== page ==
Cueto gets the attention, but Latos makes sure the Reds avoid losing streaks with solid pitching.
By HAL MCCOYFS Ohio
CINCINNATI — While Johnny Cueto (16-6) is the
Cincinnati Reds' pitcher most cussed and discussed by frustrated opposing hitters,
Mat Latos hasn't been laying low.
After a rough start — a 1-2 record for five April starts with a 5.97 earned run average — Latos has won nine of his last 10 decisions with 12 quality starts on his 25-game resume with the Reds.
Manager Dusty Baker doesn't call him Mat, he calls him Big Latos — not just because he is 6-foot-6, 235 pounds, but because he constantly comes up big on the mound.
"Big Latos has been big-time solid for us, especially since June," said Baker. "Big Latos is pitching, fielding, hitting and doing everything a pitcher can do."
He worked hard and deep into a game Sunday against the Chicago Cubs — eight innings, two earned runs — but his record stayed at 10-3 because he received a no-decision.
The Reds uncharacteristically made three errors that led to two unearned runs and Latos left after eight innings with the score tied, 4-4, in a game they won in the bottom of the ninth, 5-4. In his previous start, Latos gave up no runs and five hits in seven innings, but also received a no-decision when his team didn't score against the Mets until after he left.
"He could easily have as many wins as Cueto," said Baker, "With any kind of luck."
April has never been a success month for Latos, but this month was even creepier. Latos was obtained in the offseason from the San Diego Padres for four players — All-Star pitcher Edinson Volquez and three top prospects in first baseman Yonder Alonso, catcher Yasmani Grandal and relief pitcher Brad Boxberger.
Latos admits he felt the pressure of proving his one body was worth four bodies, so he tried too hard during the first month of the season.
"I, uh, I'm trying to think of the right words to say about April and, uh, words I can say — but to pitch right now the way I know I can pitch makes it exciting," he said.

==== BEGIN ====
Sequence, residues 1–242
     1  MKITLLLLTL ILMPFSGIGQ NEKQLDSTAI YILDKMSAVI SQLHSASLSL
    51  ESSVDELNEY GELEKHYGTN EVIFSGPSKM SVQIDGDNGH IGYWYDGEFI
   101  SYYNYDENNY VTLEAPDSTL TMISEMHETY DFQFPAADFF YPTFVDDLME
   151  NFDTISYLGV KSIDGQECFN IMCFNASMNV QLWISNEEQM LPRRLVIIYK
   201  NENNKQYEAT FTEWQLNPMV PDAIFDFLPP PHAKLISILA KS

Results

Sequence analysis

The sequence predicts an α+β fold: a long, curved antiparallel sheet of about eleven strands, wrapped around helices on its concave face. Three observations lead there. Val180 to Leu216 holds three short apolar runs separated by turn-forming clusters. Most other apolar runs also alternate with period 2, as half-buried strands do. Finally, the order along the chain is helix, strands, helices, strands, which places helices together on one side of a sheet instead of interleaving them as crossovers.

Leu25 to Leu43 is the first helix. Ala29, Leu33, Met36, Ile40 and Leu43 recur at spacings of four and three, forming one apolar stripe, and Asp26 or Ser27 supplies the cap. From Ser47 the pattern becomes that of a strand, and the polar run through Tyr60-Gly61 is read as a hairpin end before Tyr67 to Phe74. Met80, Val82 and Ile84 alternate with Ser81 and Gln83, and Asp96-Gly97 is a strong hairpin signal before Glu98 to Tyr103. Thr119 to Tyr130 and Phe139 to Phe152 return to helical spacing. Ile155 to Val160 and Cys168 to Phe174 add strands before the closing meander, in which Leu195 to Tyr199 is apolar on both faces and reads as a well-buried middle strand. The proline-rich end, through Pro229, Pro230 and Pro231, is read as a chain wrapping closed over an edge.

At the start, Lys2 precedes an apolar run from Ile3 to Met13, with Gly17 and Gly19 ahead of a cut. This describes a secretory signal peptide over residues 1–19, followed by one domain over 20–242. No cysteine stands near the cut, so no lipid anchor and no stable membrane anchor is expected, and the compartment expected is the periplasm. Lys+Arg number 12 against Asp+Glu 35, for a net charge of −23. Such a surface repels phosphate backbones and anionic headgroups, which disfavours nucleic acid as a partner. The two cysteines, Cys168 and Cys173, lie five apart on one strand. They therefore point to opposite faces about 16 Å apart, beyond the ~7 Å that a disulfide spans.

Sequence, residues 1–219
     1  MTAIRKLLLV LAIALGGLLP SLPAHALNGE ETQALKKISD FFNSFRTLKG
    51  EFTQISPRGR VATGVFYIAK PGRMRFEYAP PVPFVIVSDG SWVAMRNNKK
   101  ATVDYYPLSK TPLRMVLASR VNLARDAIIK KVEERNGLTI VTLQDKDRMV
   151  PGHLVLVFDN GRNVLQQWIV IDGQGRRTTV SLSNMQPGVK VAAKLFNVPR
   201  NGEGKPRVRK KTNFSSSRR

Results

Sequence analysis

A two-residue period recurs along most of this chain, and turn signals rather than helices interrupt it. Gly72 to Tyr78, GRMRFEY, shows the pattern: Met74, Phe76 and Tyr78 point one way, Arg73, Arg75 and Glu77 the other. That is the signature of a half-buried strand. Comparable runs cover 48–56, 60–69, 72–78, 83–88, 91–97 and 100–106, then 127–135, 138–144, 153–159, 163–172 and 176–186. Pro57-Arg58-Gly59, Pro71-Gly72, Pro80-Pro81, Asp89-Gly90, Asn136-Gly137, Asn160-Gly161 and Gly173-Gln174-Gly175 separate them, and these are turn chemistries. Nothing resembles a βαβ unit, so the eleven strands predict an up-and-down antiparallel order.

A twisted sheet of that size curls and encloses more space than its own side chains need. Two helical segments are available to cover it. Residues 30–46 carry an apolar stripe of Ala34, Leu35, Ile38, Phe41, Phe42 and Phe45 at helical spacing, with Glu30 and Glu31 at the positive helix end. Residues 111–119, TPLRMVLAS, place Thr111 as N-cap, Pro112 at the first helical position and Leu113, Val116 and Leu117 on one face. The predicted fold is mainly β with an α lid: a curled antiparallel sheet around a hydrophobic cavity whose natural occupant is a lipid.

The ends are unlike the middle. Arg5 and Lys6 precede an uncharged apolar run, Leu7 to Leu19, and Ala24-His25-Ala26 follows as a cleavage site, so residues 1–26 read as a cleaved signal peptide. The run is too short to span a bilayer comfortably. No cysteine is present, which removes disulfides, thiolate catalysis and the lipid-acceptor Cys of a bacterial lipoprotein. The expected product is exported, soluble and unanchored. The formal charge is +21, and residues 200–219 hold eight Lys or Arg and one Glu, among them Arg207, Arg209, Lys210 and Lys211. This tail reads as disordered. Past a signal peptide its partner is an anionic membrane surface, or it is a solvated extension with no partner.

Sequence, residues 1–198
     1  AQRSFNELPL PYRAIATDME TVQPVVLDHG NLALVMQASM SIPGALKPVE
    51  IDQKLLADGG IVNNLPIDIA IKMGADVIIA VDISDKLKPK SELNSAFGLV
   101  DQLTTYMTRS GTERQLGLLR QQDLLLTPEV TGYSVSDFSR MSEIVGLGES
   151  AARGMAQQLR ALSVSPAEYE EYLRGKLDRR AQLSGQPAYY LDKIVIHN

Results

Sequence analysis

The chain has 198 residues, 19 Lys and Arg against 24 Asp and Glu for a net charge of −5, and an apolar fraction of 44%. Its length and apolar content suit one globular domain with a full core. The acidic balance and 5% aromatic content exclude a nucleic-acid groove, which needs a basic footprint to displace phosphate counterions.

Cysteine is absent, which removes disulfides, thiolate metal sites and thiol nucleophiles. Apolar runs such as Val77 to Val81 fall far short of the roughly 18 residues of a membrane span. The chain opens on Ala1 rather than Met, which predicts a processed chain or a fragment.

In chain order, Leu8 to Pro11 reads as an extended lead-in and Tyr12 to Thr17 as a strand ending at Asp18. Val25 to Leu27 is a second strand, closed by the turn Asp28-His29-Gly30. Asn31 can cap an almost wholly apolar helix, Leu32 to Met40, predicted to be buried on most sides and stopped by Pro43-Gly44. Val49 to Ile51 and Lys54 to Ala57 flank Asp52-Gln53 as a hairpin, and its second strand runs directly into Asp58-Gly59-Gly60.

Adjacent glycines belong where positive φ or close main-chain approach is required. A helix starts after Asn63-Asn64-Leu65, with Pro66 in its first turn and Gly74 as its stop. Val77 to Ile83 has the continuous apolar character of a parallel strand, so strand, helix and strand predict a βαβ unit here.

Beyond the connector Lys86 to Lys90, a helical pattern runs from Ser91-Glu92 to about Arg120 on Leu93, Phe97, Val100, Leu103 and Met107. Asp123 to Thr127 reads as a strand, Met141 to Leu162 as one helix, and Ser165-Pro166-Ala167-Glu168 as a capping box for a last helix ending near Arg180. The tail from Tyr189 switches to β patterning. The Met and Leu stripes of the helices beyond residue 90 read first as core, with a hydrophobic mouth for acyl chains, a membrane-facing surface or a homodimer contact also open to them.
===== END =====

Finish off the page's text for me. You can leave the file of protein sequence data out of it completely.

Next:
"A lot of my problems in April was me trying to prove myself," he said. "I mean, I got traded for four guys and I didn't necessarily think I was worth four guys."
So far he has proved he is worth it and the proof is to check the standings to see where the first-place Reds reside and where the fourth-place Padres reside.
"That's just me in general," he said. "We'll see. But I'm fortunate with this opportunity that has been given me and I wanted to get off on a good note from the get-go. But I didn't. I let a lot of people down. But I'm slowly working to gain the confidence of the fans. It's been a dream so far.
"What makes it exciting is that I came from San Diego, where we weren't winning, to where I wake up every morning in a playoff atmosphere and we're ready to rock and roll every day. It adds a lot of adrenaline and excitement," he said.
Pitching in a park that prides itself on inviting home runs, Latos has given up 21. Five came in one game. And he won that game.
That's the kind of year it has been for him — you never know what might happen on the day he pitches, but it is mostly sound and solid stuff.
He gave up only six hits and no home runs Sunday and walked off the field with nothing more than a pat on the butt from his manager and a big, "Hang with 'em." But the team won and that's all that matters to him. With eight no-decisions this year, he stays in a grin-and-bear-it mode, usually having done what his job description demands.